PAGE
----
Matt Hancock is to introduce a bill for universal dyslexia screening for primary school children.
Speaking to the House of Commons, Matt Hancock said:
“I believe that everyone has a contribution to make & it is the role of government to help people make the very best of their lives Let’s make the UK a global leader in raising the standards of how we identify, teach and assess children who think different
“While 40% of successful entrepreneurs are estimated to have dyslexia, so too are over half of the prison population. My bill in Parliament for universal screening for dyslexia in primary schools would help to solve this injustice.
“With the right screening, teaching and assessment, dyslexic children can make the most of their brilliant neurodiverse minds.”
Dr Louise Karwowski, Director of Education at Cognassist, the UK’s leading digital neurodiversity assessment and training provider, said:
“The proposed bill by Matt Hancock to bring in universal screening for dyslexia in primary schools is a step in the right direction – the state school system has historically been far less likely to identify learning difficulties. In the decade up to 2018, the number of state secondary pupils registered with special educational needs fell by nearly 40 per cent.
“Early identification and intervention can be life changing for those with dyslexia and could significantly increase their life opportunities. However, the government should ensure that measures do not end with identification: is the school system adequately prepared for an inevitable increase in demand for specialist support such as additional 1:1 time with a SENCo, assistive technology, or reasonable adjustments for assessment? The resources for these support measures must be guaranteed alongside universal screening – diagnosis without support could indeed widen the opportunity gap, rather than reduce it.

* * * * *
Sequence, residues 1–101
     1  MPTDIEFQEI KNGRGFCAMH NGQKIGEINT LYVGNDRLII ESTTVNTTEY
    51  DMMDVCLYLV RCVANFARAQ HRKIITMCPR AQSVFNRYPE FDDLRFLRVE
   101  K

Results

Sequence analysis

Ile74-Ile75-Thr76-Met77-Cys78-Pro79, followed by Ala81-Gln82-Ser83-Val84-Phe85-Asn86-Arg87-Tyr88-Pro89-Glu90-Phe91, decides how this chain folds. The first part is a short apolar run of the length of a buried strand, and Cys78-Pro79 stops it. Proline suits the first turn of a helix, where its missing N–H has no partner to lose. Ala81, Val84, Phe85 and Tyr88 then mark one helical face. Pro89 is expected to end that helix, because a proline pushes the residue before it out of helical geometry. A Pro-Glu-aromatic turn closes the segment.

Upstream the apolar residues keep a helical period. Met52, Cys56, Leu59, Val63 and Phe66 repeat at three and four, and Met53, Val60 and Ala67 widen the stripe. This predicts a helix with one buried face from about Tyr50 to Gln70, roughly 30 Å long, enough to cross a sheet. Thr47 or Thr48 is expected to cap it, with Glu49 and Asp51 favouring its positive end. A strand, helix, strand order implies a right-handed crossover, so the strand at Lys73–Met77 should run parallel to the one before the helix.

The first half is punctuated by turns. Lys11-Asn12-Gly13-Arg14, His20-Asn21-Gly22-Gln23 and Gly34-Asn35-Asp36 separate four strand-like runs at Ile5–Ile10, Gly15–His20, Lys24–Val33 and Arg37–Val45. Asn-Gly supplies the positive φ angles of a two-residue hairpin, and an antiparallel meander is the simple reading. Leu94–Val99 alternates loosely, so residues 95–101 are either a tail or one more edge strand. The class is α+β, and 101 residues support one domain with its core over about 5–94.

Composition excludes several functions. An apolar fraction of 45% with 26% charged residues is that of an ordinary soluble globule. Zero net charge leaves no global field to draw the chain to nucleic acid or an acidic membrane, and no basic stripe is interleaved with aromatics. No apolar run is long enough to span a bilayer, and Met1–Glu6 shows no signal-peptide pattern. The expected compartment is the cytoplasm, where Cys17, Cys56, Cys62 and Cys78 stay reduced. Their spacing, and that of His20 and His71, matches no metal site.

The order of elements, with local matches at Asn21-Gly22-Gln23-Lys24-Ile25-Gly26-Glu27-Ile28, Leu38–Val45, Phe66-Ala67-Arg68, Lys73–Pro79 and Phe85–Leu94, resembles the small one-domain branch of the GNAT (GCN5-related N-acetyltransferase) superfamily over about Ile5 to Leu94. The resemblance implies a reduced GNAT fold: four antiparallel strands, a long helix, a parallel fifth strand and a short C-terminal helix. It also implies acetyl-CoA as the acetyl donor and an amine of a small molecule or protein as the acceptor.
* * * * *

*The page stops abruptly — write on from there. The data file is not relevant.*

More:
“Furthermore, while this is promising for students with dyslexia, there are many other developmental conditions that impact learning. Digitally assessing and providing support for a range of cognitive needs, such as dyspraxia, dyscalculia, and ADHD, would improve outcomes for a far wider range of students and help foster an inclusive curriculum. Rather than trying to fit a profoundly diverse body of pupil into a rigid teaching and assessment system from an early age, it is now time to consider the opposite: how we package educational information for a wide range of cognitive functions.”Recommend0 recommendationsPublished in